Before work, I visited Lowe's and came out with more 10-24 screw eyes - 6 to be precise and a single 2 inch S hook. I wanted to try just one s hook rather than buy a bunch and find they were the wrong size.

After work and after dinner, I got to work and put up 4 rivnuts. I cut down 4 screw hooks from 2" of thread to 1". Then I dipped the threads in silicone sealant and screwed them into the rivnuts. I will put up a further two, when I know where I want them. That is as yet undecided though.

By now you're probably wondering what it's all in aid of. The answer is simple. As I'm not bothering too much with lighting and extra circuitry, I need somewhere to hang my hurricane lamp and here we are!

I put one above the dinette, one above the kitchenette, one above the hand basin and one between the bed and bedroom table. I suspect I'll put one opposite the bed to illuminate the wardrobe and one in close proximity to the shower though as I have yet to decide precisely where the shower is going to stand, that'll have to wait some.

Tomorrow I need to get more S hooks. No point in getting more than 5 as I only have or had six 10-24 rivnuts left after doing the closet chain.

There's becoming ever less that needs doing. Next I have to work on the plumbing. I'll probably try to do it with two 15 gallon tanks, one for white and one for grey. 15 gallons doesn't sound like a whole lot but reading around I don't think I'll need more. I can always add more later though.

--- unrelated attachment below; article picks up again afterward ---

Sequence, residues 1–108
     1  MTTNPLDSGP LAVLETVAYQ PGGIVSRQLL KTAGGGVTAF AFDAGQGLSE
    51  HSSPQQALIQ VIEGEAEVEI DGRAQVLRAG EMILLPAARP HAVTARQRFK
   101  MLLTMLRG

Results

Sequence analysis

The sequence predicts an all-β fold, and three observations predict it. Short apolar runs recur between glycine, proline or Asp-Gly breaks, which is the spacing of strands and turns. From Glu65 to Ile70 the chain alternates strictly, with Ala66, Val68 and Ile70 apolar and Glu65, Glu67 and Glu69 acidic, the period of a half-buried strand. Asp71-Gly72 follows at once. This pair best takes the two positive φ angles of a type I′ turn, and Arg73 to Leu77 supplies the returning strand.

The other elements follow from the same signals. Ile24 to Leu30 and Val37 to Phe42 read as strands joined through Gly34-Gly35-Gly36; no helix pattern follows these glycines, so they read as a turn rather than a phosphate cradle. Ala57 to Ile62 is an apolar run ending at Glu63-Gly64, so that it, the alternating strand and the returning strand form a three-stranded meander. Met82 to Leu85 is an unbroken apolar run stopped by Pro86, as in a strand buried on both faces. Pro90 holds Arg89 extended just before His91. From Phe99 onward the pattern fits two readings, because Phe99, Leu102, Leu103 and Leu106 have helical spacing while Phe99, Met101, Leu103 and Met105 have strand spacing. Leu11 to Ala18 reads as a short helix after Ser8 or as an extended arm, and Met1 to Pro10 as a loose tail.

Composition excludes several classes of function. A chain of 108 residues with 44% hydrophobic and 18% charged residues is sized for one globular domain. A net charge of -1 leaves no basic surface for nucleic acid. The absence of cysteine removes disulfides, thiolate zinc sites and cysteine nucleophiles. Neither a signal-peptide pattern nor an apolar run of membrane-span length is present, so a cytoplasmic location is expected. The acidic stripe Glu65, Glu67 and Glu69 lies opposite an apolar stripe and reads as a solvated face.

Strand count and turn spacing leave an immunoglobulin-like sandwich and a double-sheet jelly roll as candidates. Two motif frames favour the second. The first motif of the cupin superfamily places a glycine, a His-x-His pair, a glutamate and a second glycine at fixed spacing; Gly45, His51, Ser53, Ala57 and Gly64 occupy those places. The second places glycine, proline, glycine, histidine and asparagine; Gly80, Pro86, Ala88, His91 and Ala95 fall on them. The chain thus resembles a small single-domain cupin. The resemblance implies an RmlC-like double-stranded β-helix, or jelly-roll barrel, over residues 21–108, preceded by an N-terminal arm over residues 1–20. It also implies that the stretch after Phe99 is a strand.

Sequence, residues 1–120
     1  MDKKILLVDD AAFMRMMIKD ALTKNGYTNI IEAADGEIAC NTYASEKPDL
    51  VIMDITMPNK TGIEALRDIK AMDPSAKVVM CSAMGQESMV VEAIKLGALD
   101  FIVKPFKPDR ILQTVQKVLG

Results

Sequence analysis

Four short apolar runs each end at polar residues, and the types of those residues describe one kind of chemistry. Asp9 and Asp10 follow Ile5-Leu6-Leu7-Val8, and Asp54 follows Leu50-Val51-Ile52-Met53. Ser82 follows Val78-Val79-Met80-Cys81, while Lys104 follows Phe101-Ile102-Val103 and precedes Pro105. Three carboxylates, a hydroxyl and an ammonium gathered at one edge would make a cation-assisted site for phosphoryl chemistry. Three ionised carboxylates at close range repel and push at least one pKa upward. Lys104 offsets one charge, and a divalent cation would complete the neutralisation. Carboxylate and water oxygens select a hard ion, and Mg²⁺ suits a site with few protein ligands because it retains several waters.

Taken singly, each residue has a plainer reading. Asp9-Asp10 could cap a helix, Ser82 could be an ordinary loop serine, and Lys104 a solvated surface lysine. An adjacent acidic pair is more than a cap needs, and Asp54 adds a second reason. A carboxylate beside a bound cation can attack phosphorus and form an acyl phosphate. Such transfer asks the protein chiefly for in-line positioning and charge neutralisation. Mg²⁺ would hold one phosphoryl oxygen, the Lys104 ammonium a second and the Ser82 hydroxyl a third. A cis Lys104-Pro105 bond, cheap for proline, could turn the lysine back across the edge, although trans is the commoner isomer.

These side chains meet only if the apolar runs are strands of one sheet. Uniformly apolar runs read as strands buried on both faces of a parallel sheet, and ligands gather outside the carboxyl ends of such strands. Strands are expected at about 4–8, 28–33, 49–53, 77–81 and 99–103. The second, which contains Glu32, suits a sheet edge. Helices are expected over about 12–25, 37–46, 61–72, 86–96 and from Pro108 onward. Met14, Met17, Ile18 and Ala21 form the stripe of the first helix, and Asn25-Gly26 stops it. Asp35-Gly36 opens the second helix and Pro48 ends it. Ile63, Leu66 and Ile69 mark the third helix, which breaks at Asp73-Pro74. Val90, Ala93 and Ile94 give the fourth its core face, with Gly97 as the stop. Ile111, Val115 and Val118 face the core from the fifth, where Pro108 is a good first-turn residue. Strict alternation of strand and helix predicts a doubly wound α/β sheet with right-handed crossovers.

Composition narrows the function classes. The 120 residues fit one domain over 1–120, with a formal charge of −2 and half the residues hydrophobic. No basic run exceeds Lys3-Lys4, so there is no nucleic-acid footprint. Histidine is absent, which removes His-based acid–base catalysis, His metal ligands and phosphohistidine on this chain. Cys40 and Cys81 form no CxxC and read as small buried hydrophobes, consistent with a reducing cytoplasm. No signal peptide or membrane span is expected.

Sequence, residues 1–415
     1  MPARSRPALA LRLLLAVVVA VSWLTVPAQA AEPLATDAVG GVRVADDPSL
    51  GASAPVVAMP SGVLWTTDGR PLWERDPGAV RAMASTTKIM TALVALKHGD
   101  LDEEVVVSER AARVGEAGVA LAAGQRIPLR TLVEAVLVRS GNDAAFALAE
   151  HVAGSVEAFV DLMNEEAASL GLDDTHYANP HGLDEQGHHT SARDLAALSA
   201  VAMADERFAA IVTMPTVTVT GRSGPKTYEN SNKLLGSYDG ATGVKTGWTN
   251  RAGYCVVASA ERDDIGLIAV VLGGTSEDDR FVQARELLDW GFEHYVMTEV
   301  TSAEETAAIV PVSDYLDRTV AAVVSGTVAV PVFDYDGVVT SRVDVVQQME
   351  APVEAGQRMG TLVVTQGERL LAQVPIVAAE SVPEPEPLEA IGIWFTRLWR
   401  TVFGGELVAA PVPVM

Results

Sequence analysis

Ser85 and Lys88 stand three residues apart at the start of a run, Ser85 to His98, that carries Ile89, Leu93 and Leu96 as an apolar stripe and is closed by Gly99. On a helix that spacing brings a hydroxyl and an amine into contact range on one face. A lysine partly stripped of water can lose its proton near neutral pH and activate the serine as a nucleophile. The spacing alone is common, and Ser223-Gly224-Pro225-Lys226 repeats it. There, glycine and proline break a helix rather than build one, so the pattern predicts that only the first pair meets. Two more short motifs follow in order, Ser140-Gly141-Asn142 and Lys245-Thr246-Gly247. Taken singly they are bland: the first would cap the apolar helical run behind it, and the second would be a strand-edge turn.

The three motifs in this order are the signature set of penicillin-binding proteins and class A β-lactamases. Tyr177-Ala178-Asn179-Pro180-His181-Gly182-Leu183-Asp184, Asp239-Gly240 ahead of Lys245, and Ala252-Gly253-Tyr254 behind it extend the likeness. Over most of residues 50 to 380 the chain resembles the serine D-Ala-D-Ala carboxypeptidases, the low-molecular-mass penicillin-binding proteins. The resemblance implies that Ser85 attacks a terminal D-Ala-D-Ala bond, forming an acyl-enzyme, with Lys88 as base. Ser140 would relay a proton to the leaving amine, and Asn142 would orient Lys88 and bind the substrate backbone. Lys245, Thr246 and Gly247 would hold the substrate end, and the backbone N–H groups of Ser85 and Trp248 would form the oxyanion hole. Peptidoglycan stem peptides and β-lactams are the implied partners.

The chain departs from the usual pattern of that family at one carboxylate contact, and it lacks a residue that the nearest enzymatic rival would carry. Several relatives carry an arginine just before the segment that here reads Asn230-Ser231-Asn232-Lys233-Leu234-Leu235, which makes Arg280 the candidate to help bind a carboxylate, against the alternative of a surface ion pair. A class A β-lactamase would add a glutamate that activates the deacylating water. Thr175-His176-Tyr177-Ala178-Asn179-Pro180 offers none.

A nice side project for a rainy day would be blinds for the windows. That's not important right now though. The outside could do with more grey paint on the roof and inside the front two wheel arches. I think I'll also paint over the NSA 2011 logo. I think I want my grey bus to be as anonymous as possible. Aside from that, the stencilling is a bit raggedy.


  1. I really like your low budget approach and would like to copy your electrical system. Your pictures are very clear but could you post one of your breaker box wiring?

  2. Fairly boringly mundane inside the breaker box hence I never took a photo. As the earth wire isn't insulated individually, they're earthed to the case at the point of entry with a self drilling screw and a steel washer. The case is riveted to the bus body so everything is earthed.

    1. The reason I ask is that you say that the main breaker disconnects both parts of the circuit. I assume that means that both the black and white wires are connected to the main breaker. I'd never heard of that being done and would like to see how you handled it.

    2. Oh... The main breaker is the box shown in the cable bay in one or other of the recent posts.

      I used a dual breaker rated at 30a. As you surmised, I put the black in one side and the white in the other. The earth wires I connected via the bar designed for the neutral wires. My cable bay is plywood so earthing ocurs further along the chain.

      Somebody mentioned cutting off live and neutral at the main breaker and it just made sense.